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Robert Berke is an energy financial analyst with experience as a government consultant to the State of Alaska.  

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What The Paris Attacks Mean For Commodities Prices

The Paris tragedy clearly showed the world that the war on terror has gone global. If that had not already been made clear by terror bombings in Baghdad, Beirut, and the Russian airliner in recent weeks, it was hammered home by Paris.

Israeli media (debka.com) reports that no western intelligence picked up any signs of the attack plan. The grim message to the world: It could happen anywhere.

For any that still needed to be convinced, the attack also revealed that the greatest threat to the west comes from radical Islam, not from Iran, Russia, or China. Related: LNG Glut Set To Worsen Considerably Over Next 3 Years

That fact was confirmed last week in Venice where the Saudi’s, for the first time, met with Iranians amongst 20 different countries to create a common strategy for fighting the Middle East wars. Although the first meeting ended without any agreements, these two countries put traditional rivalry aside, at least for the moment, to discuss the greater threat. A better case for “the enemy of my enemy…” could hardly be made.

At the same time, the Saudi King’s planned visit to Moscow is aimed primarily at gaining some reassurance regarding its security. This would hardly take place if U.S. actions in the region were sufficient enough to guarantee that Saudi Arabia was secure enough under just the U.S. military umbrella.

According to Bloomberg, the current meetings ongoing in Turkey between the U.S. and Russia also confirm this new recognition, where Russia has suddenly gone from pariah to partner.

It makes one wonder, what the worth of the much-vaunted western intelligence that has been so politicized is given that it cannot any longer properly identify our main enemies.

At the same time, the tragedy in Paris may force the U.S. and its allies to redouble their military efforts in the Middle East and Central Asia, forestalling the long promised Asian pivot. Related: Oil Tankers Are Filling Up As Global Storage Space Runs Low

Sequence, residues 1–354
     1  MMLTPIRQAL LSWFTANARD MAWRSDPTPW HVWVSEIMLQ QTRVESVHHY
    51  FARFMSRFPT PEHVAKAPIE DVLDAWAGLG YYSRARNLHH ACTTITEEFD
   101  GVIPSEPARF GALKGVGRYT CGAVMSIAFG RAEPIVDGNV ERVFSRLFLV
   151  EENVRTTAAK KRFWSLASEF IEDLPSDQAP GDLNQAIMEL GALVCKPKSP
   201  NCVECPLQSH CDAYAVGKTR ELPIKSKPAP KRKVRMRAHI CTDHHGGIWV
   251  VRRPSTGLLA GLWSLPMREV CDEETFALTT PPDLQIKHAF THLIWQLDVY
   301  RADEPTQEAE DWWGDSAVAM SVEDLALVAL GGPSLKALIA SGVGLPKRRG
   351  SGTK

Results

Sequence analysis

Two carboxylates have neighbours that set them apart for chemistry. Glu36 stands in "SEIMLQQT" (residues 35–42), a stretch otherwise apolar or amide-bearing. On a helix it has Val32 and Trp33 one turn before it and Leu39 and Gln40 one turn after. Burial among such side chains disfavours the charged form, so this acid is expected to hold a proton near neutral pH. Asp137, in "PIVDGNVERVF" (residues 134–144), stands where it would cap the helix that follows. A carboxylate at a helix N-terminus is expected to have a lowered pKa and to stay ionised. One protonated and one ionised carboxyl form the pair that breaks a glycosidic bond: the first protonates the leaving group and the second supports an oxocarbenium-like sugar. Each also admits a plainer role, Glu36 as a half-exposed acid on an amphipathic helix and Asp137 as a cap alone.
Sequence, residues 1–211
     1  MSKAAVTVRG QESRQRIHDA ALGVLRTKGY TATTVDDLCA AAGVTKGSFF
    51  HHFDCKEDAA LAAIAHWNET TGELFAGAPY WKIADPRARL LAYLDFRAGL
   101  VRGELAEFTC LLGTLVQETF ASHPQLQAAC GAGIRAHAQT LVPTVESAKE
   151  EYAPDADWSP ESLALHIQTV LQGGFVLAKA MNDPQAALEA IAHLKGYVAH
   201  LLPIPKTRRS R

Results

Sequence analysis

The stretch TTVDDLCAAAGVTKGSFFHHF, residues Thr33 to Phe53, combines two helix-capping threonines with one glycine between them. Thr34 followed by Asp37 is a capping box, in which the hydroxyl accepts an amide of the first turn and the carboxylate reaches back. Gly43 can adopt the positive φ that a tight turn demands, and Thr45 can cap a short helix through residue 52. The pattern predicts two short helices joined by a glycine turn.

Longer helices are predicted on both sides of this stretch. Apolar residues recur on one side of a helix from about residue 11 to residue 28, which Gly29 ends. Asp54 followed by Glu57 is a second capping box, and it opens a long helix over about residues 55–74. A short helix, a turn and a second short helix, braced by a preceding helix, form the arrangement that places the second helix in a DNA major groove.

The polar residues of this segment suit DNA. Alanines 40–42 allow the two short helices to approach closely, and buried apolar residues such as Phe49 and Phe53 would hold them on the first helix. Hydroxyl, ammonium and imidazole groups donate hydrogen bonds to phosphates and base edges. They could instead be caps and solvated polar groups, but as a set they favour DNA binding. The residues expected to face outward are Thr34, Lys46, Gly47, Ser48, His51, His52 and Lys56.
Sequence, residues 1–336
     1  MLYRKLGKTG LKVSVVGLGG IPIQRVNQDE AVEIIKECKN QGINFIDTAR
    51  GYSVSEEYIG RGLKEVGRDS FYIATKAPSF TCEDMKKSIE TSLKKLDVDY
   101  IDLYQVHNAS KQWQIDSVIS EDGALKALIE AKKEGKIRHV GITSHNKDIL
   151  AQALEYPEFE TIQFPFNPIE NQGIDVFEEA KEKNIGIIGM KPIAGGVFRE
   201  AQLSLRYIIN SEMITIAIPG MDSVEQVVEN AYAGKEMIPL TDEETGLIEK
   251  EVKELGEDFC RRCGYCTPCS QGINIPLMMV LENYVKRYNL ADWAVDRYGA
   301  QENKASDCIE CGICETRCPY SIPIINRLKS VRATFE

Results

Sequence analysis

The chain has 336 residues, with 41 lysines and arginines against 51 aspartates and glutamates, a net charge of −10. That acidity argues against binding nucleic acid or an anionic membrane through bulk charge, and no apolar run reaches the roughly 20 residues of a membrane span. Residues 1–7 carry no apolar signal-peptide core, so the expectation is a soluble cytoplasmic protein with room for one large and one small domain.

Strangely, while the tragedy emanated out of the Mideast war, from a part of the world that still produces more than forty percent of global oil production, the price of commodities continued to decline to a six year low.

That still took place despite the fact that Paris is promising a global military commitment against radical Islam and a much wider war across the globe. Western governments will be compelled to respond to their citizens’ demands for greater security.

As the great French writer Raymond Aron wrote about the Algerian Revolution, the Algerian rebels constant attacks on undefended citizens and officials steadily undermined the government’s authority to protect its citizens, finally leading to a French withdrawal and Algerian independence. Undoubtedly, that is the major goal of the Islamic State. Related: Oil Market Supply Imbalance Getting Worse, Not Better

If expanded war is likely, and there’s solid reasons to think so, than commodities could also be on their way up. Consider what happened during the Bush Middle East war years when oil prices hit a thirty year high in just five years, followed soon after by the commodities markets as a whole along with subsequent roaring inflation.

The current consensus on oil prices, led by Goldman Sachs, argues that oil prices will only recover slowly, and not until 2020 will we see an $80 per/barrel. But that projection, though it makes good sense in light of slowing global economic growth, leaves out the possibility of expanding global conflicts pressuring prices.

In the years ahead, prices could rise significantly because of the cutback in upstream investment occurring today. But the Paris attacks are a reminder that conflict has a way of creating surprises. The latest attacks are not enough to move the needle on oil prices, given excess supply still seen today. But a future attack that cuts off production somewhere around the world could cause a price spike that no one will be able to anticipate.

By Robert Berke for Oilprice.com

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Leave a comment
  • doogie on November 17 2015 said:
    I do not agree with this statement- "the greatest threat to the west comes from radical Islam, not from Iran, Russia, or China."

    Please explain why you think radical Islam and Iran are separate things.

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